E Fuller Torrey attacks „The new antipsychiatry“

von freakoutcrazy

by CriticalPsychiatry

E Fuller Torrey has upset Robert Whitaker (see Dear Dr Torrey: Please stop the lies) because of his response to a post by Sandra Steingard on the Mad in America blog (to which she has also replied). Fuller Torrey says that the Mad in America blog has become „one of the new antipsychiatry centers“. I’ve said in a previous post that I get irked sometimes if I’m seen as an anti-psychiatrist.

I mentioned Fuller Torrey in my Critical psychiatry book (see relevant passage). In 1974 he wrote a book  called The death of psychiatry, which agreed with Thomas Szsaz, who unfortunately recently died (see previous post and Guardian obituary), by opposing involuntary psychiatric interventions and the insanity defense. Fuller Torrey subsequently changed his mind and now advocates for forced treatment through being founder of the Treatment Advocacy Center and executive director of the Stanley Medical Research Institute. He doesn’t mention The death of psychiatry in his list of books on his „about“ webpage on the Treatment Advocacy Center website. I did a critical review of The invisible plague, a book which is on the list.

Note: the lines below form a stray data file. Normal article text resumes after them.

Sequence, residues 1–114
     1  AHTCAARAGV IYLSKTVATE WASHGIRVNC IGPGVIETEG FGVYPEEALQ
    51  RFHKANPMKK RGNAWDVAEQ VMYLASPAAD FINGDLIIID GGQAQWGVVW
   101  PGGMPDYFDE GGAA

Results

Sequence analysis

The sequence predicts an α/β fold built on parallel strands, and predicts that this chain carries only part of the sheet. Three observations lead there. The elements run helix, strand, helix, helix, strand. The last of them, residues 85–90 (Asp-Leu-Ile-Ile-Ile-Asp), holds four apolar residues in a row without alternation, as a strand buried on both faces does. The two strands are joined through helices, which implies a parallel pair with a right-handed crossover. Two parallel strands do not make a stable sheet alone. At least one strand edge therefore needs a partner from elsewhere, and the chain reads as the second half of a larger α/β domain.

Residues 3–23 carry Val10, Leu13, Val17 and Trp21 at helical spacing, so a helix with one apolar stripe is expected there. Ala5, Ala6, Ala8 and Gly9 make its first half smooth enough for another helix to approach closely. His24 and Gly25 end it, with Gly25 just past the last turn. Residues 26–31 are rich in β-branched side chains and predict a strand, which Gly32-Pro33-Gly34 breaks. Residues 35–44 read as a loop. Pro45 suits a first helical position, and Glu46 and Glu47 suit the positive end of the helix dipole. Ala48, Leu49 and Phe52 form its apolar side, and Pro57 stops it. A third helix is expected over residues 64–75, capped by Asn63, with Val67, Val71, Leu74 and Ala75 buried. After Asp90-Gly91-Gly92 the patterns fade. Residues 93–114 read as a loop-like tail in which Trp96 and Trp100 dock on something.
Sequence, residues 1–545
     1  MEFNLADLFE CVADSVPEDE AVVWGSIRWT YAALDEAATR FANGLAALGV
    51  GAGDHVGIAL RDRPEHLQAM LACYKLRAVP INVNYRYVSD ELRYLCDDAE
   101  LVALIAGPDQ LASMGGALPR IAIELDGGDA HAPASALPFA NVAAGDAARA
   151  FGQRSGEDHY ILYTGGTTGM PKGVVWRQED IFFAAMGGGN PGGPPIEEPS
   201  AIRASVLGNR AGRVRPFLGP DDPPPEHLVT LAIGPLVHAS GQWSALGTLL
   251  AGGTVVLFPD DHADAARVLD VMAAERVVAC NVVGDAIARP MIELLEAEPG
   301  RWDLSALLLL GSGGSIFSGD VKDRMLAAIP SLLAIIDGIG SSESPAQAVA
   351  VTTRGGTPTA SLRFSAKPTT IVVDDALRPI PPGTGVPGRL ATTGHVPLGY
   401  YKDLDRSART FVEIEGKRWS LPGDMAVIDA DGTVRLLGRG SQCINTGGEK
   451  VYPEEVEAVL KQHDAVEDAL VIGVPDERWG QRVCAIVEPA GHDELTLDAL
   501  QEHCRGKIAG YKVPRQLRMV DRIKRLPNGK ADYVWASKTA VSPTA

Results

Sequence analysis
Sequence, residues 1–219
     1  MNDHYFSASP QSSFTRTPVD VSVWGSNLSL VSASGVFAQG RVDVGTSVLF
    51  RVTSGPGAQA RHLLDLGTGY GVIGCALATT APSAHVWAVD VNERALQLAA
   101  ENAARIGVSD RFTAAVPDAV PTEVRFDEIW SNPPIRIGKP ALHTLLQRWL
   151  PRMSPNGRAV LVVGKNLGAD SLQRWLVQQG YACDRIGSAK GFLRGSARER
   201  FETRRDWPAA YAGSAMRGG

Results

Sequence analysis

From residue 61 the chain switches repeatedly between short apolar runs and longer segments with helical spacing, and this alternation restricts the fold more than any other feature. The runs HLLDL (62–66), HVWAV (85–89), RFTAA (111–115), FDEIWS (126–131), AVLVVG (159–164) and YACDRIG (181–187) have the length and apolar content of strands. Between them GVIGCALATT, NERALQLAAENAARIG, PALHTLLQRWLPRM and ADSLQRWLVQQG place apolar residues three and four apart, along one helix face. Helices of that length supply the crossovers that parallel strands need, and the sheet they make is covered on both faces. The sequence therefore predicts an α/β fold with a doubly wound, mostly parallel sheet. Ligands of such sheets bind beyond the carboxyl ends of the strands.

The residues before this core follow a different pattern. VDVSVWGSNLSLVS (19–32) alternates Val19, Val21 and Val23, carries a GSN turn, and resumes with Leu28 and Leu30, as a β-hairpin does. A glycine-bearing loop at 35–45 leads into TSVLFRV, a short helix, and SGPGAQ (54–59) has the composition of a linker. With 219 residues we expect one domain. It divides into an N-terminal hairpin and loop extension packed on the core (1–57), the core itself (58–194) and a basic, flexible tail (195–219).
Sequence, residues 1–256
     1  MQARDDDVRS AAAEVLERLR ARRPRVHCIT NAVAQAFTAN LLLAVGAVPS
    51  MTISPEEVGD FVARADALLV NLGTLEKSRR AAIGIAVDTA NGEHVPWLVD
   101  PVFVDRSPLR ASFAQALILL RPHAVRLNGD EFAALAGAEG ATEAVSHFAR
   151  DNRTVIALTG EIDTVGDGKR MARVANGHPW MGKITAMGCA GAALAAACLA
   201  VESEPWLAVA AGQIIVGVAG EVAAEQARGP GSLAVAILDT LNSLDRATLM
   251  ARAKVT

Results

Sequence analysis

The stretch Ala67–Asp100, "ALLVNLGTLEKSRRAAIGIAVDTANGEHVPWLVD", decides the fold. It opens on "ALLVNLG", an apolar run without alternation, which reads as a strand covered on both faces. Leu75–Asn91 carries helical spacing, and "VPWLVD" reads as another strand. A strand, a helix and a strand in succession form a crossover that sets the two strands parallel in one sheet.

I don’t think I’m as ignorant as Fuller Torrey says I am by questioning what it means to say that schizophrenia is a brain disease. As I keep saying, please do not misunderstand me. Of course, schizophrenia is a brain disease in the sense that mental health problems, just like our normal and everyday behaviour, thoughts and emotions, are due to the brain. That’s mere tautology. But Fuller Torrey is claiming more than this. He’s suggesting there’s brain pathology, and the evidence for this is lacking.

As for anosognosia, which started this spat off, I think it’s stretching a point to regard lack of insight in schizophrenia as the same as anosognosia caused by brain injury or stroke. But I doubt whether there’s anything to be gained by arguing with Fuller Torrey about it. He’s too stuck in his reaction formed from giving up his Szaszian views from the past. His worldview means too much to him (see previous post about this point in relation to Robert Whitaker) to give it up.

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